On Wednesday, police in the Netherlands and Northern Ireland arrested two 22-year-old men believed to be connected to WeLeakInfo, a site offering usernames and passwords from multiple data breaches for sale. At the same time, the Federal Bureau of Investigation, in coordination with the UK’s National Crime Agency, the Netherlands National Police Corps, the German Bundeskriminalamt, and the Police Service of Northern Ireland, took down the domain for the site, redirecting it to a seizure notice (shown above).
At first, some thought the takedown was simply a breach of the site itself—mostly because the FBI took the time to add the site’s logo to the takedown notice.
There’s a mess happening over at We Leak Info since yesterday. It looks like they got hacked, and someone threw up an FBI seizure page. The seizure notice doesn’t look legit.
… Not a good look for them…https://t.co/XGGIRaJKQk #WeLeakInfo #WLI pic.twitter.com/SUzaAQD8Pd
— Cypher (@CryptoCypher) January 16, 2020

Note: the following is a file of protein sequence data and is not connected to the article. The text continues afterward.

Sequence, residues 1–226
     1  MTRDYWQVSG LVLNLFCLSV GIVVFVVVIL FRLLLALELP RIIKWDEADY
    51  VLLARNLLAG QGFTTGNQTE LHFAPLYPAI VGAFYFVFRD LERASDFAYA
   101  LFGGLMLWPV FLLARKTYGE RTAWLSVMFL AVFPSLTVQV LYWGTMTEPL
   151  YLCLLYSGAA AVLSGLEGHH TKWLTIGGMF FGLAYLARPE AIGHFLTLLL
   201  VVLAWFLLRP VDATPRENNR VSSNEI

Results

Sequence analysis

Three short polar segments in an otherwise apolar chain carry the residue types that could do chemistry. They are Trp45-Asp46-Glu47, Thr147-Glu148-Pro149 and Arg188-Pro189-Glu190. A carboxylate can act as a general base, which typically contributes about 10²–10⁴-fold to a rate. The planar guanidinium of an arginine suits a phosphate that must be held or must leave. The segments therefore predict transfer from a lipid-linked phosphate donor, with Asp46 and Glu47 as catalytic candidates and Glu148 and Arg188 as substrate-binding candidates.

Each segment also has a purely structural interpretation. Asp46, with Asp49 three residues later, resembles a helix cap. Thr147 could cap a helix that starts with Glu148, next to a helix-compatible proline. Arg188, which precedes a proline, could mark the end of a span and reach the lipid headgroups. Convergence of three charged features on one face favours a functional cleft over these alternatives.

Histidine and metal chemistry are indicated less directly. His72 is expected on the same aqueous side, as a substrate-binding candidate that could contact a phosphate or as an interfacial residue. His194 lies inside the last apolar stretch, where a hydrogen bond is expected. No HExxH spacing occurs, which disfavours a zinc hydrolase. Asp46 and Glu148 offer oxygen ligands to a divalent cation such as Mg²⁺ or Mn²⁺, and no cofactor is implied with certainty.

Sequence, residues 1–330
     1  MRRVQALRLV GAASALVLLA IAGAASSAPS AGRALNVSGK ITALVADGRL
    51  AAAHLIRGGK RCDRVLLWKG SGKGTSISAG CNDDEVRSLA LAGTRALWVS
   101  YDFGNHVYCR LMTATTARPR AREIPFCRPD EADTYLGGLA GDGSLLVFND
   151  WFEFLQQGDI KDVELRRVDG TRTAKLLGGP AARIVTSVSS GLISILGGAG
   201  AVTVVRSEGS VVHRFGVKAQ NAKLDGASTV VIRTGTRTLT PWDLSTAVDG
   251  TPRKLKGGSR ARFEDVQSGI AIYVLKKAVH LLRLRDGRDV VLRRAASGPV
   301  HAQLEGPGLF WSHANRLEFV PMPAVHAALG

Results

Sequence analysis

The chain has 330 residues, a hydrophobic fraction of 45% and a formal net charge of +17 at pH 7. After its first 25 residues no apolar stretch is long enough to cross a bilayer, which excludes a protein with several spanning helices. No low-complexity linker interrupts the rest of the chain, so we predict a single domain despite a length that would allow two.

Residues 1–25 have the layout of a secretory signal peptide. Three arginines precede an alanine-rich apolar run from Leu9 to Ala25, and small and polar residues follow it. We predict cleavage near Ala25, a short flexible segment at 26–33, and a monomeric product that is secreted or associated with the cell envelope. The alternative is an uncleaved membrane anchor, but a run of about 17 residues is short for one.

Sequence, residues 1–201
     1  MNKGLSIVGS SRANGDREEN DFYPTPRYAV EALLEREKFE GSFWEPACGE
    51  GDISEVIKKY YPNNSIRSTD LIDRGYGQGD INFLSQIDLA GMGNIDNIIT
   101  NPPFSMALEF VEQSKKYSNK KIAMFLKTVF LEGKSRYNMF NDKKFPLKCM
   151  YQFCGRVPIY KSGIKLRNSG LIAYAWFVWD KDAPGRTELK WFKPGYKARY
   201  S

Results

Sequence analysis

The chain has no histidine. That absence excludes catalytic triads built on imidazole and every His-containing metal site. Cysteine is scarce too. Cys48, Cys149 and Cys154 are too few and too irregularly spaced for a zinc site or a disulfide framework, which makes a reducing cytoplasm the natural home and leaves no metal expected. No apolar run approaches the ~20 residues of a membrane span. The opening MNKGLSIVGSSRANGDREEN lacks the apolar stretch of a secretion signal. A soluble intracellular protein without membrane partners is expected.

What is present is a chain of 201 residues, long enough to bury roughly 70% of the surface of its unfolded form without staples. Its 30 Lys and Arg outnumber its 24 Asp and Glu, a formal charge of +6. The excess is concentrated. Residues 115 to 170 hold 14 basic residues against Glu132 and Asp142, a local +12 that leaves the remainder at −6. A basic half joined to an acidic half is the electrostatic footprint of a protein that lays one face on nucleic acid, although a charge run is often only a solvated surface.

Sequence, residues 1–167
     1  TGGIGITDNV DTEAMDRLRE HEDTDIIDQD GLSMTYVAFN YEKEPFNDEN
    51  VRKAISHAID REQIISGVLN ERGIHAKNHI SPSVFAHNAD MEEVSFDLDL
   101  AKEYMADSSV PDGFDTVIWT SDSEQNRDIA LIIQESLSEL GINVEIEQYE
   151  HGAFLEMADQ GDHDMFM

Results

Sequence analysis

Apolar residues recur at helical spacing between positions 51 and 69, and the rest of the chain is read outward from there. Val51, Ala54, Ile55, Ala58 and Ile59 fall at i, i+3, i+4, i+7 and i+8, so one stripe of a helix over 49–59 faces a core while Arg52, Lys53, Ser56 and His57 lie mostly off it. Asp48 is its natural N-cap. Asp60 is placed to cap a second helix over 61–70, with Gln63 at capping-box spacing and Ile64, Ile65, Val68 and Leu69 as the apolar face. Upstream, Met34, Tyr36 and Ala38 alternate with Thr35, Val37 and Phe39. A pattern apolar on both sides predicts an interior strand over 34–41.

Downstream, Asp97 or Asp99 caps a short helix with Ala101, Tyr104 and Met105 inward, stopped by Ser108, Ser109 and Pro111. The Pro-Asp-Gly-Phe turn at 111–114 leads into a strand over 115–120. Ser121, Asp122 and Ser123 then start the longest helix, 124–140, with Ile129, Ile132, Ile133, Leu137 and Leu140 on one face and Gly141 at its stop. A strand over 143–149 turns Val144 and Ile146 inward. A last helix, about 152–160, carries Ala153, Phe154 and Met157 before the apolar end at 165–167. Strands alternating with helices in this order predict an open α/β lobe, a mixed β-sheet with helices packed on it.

But on Thursday afternoon, the Justice Department announced the takedown and put out a call for further information on WeLeakInfo and its operators. WeLeakInfo claimed to have over 12 billion usernames and passwords from a collection of over 10,000 data breaches. Originally hosted at a Canadian hosting company’s data center when set up in 2016, the domain was moved behind Cloudflare a day later. The site, originally advertised as “the most extensive private database search engine,” purported to be a legitimate tool for companies to perform security research—even claiming to offer an application interface for performing bulk checks for breaches of company accounts.
But the site was alleged to be selling more than just breach warnings. In an announcement of the seizure of the domain posted Thursday by the US Justice Department, the DOJ alleged that WeLeakInfo allowed its users to access “a search engine to review and obtain the personal information illegally obtained in over 10,000 data breaches containing over 12 billion indexed records—including, for example, names, email addresses, usernames, phone numbers, and passwords for online accounts.” The site’s subscription plans allowed users unlimited access to the data.
While the domain has been seized and computers connected to its operation were confiscated by Dutch police, the fate of the site’s server remains unknown.